This is less formal and might come from the secretary of a client one already knows.
After some time, the client might want to be more friendly:
Liebe Frau Marks
Hallo Frau Marks /Guten Tag Frau Marks
Not everyone likes Viele Grüße, but I quite like it, and in any case I follow the client’s lead.
Non-Germans should note that the ß character has not been abolished – Gruß/Grüße and Straße are the most common pitfalls (except in Switzerland, of course).
Now in German to friends, acquaintances and forums.
I do have a difficulty here, because I have found German forums more formal than American and British ones. Maybe that’s because I was on CompuServe much earlier than on German forums and they seemed slower to relax. I have had my knuckles rapped and been thought to be intentionally rude for writing to a forum without a greeting. This was obviously an offence against German netiquette. I don’t know if that is the case any more, but I have an uncomfortable feeling when I write to a German forum.
So some write
or some variation on the forum’s name.
Otherwise it’s down to
I don’t feel northern enough to use Moin (which is not limited to the morning)
I usually close with
but always feeling it is a bit abrupt.
I have not got used to the increasingly common
which feels overfriendly to me but is possibly becoming standard.
I have just checked my inbox and found one
Mit kollegialen Grüßen
(this reminds me a bit of Mit sozialistischem Gruß in Goodbye Lenin).
It’s also, I remember, fairly common to mention the weather in one’s location:
Mit verregneten Grüßen aus Köln
Mit sonnigen Grüßen aus München
or if one wants a reply to a question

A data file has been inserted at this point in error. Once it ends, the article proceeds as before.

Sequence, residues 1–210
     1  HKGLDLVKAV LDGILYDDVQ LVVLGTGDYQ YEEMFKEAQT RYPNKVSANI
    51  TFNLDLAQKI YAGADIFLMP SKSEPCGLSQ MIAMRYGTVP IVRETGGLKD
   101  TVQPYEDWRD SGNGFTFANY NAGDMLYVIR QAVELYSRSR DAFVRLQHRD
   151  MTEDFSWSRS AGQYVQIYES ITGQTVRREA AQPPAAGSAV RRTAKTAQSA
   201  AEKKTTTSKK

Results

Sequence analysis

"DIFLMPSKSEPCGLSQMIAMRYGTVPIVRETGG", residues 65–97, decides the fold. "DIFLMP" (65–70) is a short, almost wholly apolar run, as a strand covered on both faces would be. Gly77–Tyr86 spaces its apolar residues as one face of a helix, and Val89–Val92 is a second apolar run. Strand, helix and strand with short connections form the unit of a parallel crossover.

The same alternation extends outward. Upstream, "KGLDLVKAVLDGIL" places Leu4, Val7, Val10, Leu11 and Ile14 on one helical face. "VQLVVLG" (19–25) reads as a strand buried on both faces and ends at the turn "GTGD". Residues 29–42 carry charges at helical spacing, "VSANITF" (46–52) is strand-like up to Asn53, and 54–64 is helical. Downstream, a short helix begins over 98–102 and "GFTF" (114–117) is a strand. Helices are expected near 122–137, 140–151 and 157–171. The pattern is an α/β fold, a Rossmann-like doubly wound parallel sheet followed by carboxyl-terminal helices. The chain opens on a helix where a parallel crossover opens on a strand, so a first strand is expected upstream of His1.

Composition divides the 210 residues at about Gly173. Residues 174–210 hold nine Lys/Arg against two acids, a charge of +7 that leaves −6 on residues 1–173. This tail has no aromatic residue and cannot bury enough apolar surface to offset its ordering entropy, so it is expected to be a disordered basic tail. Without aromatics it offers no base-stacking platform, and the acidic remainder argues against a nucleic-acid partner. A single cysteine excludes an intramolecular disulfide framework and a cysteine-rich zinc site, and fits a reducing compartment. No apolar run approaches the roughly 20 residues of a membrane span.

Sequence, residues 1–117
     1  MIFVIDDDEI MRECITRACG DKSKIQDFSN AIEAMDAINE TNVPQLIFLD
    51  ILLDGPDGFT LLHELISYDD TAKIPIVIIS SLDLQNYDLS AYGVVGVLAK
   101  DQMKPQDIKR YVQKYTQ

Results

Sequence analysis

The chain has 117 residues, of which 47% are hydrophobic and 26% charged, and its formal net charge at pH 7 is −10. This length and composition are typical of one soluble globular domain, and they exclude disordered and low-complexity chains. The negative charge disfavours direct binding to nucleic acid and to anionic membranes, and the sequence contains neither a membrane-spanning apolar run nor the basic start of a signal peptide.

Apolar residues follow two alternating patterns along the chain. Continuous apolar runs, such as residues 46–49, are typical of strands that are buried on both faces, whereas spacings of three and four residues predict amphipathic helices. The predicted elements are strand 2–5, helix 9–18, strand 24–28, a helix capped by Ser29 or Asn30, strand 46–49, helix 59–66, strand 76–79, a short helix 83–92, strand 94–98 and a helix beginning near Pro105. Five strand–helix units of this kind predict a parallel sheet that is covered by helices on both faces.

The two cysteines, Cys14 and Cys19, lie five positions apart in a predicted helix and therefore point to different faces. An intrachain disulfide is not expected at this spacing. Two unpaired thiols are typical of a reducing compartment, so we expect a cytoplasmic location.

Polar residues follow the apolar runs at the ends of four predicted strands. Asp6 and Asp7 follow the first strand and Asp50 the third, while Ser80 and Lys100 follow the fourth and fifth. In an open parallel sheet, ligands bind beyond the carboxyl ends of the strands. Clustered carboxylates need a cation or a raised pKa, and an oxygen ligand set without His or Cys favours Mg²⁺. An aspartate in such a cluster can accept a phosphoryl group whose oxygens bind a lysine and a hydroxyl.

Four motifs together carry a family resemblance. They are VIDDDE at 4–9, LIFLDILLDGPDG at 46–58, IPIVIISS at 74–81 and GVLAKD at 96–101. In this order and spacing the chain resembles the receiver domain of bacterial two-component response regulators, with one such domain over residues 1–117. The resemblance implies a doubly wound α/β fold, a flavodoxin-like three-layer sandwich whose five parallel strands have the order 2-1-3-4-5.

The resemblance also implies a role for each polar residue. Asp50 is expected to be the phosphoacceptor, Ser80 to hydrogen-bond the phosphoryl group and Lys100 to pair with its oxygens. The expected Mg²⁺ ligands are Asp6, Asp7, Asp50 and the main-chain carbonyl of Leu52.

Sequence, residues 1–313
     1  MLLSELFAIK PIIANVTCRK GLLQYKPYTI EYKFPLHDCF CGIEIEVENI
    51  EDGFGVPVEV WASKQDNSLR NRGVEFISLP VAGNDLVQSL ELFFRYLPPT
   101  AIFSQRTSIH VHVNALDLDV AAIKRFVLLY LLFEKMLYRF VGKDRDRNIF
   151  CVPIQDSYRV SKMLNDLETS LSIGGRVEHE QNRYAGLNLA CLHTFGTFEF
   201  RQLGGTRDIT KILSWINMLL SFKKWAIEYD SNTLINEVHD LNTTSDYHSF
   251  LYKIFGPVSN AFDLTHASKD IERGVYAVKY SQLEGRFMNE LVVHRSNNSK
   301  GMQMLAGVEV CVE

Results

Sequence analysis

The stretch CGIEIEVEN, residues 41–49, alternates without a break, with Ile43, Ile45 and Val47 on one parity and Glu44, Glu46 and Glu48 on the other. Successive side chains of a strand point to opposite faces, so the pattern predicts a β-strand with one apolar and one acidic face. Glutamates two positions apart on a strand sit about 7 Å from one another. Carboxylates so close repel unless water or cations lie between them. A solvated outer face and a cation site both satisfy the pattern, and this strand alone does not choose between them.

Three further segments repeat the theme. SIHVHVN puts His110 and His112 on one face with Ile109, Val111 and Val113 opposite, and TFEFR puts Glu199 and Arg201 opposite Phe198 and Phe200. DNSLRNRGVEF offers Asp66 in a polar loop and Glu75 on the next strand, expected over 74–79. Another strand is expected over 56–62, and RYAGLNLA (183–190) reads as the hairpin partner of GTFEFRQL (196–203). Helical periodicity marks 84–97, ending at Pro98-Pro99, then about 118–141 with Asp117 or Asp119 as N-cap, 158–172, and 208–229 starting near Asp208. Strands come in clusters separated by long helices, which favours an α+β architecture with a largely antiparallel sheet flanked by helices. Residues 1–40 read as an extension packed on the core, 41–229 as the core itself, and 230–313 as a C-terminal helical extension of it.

Is this done in English? I certainly avoid it.
It’s been pointed out by a commenter that MfG is a bit of a no-no, especially in formal correspondence.
That reminds me of some abbreviations widespread in informal contexts. Thnx rather irritated me because it’s scarcely shorter than Thanks.
Lawyers among themselves use Mit kollegialen Grüßen (see comment). I sometimes have to translate this into English, and the equivalent is just Yours sincerely or Best/Kind Regards. There’s a lovely heated discussion on this on the LEO forum.
And I forgot to mention the direct address I often use on forums: just the name of the person addressed, without any ‘Dear’.
I am not really into crowdsourced translation, but it appears that the Open University in the UK is about to run a MOOC, a Massive Open Online Course on Open Translation tools and practices.
There’s more information here, including a video. The pilot runs from 15th October to 7 December 2012 (8 weeks), with the accompanying course website opening on Oct 10th 2012.
The project is aimed at speakers of English or Spanish who are also proficient in Spanish or English (level B2 or above of the CEFR). You might be a language learner, a translation student, or simply looking to develop your translation skills. The project will provide the following opportunities:
Introduce learners to open translation tools and generic translation skills, developing useful employability skills in a global context;
Promote plurilingualism and intercultural communication;
Promote the internationalisation of the student experience;
Introduce learners to real-world translation tasks for volunteer translators in well-established community translation projects (e.g. Wikipedia, TED talks, Global Voices);
Develop translation skills in subject specific domains (maths, education) through translating OpenLearn content (http://www.open.edu/openlearn/).
I can’t remember who recommended this – I see it was on Lifehacker last week, but I didn’t see it then – anyway, it is a very amusing read. Here is a quote from the Structured Procrastination website: